From a macroeconomic perspective, this is an important result. We tend to think that a company's prospects will depend on its "nationality". But what happens in any one economy may carry few implications for the world's largest companies. These businesses have thrived because they looked for growth opportunities elsewhere, and have refused to be tied down by national chains. MG Rover's decline reflects, in part, a desire simply to put up the barricades and produce cars for a domestic customer base that was happy to wallow in the nostalgia of a bygone era rather than produce cars that could truly compete on the world stage.

Corporate health and national economic health are related in increasingly obscure ways. We know that Japan's and the eurozone's economies have performed poorly relative to the US recently, but that hasn't stopped Japanese and eurozone corporate profits from rising as quickly - sometimes even more quickly - than those in the US. We also know that companies have increasingly been able to deal with cost shocks - higher oil prices, for example - by cutting costs in other areas. Outsourcing and off-shoring may have left labour more vulnerable, but I doubt that shareholders - or, for that matter, consumers - will be complaining.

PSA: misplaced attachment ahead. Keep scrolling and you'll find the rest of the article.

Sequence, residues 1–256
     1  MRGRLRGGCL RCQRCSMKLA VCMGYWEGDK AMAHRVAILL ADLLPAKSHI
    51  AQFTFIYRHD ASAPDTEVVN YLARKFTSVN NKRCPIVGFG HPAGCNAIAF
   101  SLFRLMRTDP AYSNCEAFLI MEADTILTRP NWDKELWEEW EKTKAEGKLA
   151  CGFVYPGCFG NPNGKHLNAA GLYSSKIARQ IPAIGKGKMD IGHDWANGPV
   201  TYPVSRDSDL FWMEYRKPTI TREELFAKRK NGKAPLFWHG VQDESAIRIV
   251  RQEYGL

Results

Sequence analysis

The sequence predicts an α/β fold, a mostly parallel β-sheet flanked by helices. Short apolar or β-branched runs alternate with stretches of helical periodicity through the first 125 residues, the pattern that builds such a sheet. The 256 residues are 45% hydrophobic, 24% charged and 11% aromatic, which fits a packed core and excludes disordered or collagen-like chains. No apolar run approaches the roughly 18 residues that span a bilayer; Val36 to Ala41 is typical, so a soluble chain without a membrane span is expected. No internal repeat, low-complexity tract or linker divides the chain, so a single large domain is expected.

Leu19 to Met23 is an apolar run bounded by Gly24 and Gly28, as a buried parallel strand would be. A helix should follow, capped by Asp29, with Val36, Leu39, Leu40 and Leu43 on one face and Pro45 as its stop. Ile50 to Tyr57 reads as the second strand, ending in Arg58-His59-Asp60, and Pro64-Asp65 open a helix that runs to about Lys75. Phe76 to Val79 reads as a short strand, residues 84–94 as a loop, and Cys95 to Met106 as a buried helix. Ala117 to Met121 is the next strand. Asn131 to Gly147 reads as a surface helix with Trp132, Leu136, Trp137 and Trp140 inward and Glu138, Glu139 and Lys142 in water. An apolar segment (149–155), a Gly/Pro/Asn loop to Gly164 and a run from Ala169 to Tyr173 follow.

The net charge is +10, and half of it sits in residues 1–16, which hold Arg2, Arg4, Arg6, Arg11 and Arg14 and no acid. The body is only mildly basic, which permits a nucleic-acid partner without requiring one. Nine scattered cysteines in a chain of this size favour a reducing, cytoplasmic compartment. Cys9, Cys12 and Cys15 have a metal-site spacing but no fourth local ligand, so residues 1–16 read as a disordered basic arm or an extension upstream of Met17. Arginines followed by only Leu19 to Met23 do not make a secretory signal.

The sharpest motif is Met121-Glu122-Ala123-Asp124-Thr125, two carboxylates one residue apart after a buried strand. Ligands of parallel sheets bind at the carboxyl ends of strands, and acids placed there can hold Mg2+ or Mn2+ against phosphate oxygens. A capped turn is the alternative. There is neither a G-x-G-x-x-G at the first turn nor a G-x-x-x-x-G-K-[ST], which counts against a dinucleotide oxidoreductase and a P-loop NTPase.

In the 21st century, we're part of an international economy. We may not likethe implications of this - as workers, we inevitably feel vulnerable - but as shareholders and as consumers, we should embrace these changes. Japanese car companies were seen as a threat to British jobs in the 1970s, yet today Japanese companies provide more opportunities within the UK car industry than anybody else.

No one ever suggested that competition was always going to be pleasant yet, through it, the UK has emerged with a productive car industry that thrives on the international market. Last year, international sales accounted for more than two-thirds of all UK car production.

The industry may no longer be UK-owned but, for most of us, this really shouldn't matter. We may be confused about buying British but, whatever our nostalgic views, the world of croquet and Pimms and, as Toad came around the corner, the sound of "Parp, parp!" was always more fantasy than reality.

Stephen King is managing director of economics at HSBC

stephen.king@hsbcib.com